Students Investigate Intersection of Poverty, Climate Change
October 28, 2009
We no longer live in a world where global issues are isolated from one another. All one has to do is take a look at the eight Millennium Development Goals to realize that it’s impossible to achieve one goal without addressing another. For example, how can we reduce child mortality (goal 3) without combating HIV/AIDS, malaria and other diseases (goal 6) given that a child in Africa dies every 30 seconds from malaria?
This fall students from more than 90 countries are addressing the reality of the world we live in and expanding their global mindset to tackle the intersection of poverty and climate change. For the past two years, the Global Debates has focused on several climate change issues - water rights, carbon emissions, action plans, obligation of developed nations and more. However, we cannot combat these issues apart from the impact that global warming has on international development and our ability to end extreme poverty.
As one Global Debates participant from Bulgaria said, “Inevitably, poverty and climate change are strongly connected. The governments of developing countries are forced to choose between investing in either economic or environmental development. Unfortunately, their financial funds are limited, so environmentally friendly policies seem to have become a runner-up. Let us not forget that poverty also means lack of information and resources. Once severe poverty is reduced, people from developing countries could grasp the opportunity to be active and contribute to the preservation of nature.”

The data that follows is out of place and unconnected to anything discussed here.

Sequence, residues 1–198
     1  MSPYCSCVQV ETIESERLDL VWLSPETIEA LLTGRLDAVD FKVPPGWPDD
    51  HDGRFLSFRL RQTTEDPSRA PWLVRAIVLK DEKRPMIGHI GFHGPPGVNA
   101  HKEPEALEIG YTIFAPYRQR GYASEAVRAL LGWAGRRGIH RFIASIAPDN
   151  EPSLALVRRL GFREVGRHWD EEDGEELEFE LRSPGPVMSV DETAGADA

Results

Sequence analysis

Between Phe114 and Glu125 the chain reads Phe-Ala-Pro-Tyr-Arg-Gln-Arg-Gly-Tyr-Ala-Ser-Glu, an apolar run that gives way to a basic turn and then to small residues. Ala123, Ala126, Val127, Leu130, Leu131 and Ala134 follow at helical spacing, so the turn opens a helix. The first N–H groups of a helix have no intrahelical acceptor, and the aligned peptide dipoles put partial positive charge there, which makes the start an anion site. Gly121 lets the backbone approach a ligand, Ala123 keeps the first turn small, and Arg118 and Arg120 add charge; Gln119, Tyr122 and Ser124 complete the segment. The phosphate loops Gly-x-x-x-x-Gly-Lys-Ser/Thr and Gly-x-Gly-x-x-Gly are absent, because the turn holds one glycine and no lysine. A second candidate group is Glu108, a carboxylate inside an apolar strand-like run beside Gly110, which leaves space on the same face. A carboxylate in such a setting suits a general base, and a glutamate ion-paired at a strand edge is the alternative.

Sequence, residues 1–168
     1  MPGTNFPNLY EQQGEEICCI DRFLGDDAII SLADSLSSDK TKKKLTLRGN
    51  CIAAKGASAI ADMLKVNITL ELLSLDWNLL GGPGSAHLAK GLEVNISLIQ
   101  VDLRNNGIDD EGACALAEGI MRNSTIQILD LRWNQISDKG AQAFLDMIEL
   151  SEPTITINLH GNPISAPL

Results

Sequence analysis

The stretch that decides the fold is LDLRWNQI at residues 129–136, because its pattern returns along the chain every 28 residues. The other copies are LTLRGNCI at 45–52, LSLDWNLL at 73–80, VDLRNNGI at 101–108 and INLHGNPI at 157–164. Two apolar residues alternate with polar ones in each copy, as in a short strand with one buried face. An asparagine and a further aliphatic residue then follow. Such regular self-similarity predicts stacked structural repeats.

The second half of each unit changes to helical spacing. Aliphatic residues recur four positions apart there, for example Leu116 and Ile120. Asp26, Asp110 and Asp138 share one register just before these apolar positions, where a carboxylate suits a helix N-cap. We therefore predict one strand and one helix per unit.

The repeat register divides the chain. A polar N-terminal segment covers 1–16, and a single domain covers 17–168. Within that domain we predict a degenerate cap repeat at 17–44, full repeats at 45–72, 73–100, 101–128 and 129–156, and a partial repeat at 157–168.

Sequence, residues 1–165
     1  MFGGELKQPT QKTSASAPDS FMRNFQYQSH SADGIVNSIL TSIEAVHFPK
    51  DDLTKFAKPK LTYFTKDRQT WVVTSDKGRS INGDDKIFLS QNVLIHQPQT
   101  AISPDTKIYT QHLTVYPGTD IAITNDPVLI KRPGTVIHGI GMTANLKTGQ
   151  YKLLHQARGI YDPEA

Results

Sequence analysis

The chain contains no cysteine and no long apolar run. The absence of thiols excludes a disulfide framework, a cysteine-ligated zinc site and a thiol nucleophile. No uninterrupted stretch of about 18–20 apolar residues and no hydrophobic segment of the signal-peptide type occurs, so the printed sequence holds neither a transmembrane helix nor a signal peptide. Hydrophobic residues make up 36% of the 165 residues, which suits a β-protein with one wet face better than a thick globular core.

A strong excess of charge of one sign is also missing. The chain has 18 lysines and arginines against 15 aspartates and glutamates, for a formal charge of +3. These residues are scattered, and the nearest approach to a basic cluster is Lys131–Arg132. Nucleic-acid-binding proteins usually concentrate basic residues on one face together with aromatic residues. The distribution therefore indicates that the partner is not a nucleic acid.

Here are some sobering facts:
- More than 2 billion people live without access to a reliable energy source.
- Changing rainfall patterns impact agricultural production and lead to food shortages.
- According to Red Cross, 96 percent of deaths caused by natural disasters have been in poor countries.
- Developing nations have the least capacity to respond financially to climate change.
- Without immediate action 50 years of development gains will be lost.
These facts are a part of the growing evidence that students will be referring to during their Global Debates activities this year. Through writing blogs on the UN’s response to climate change and poverty, and collaborating with elected leaders on the importance of a comprehensive climate treaty in Copenhagen, these students will once again be a part of the solution.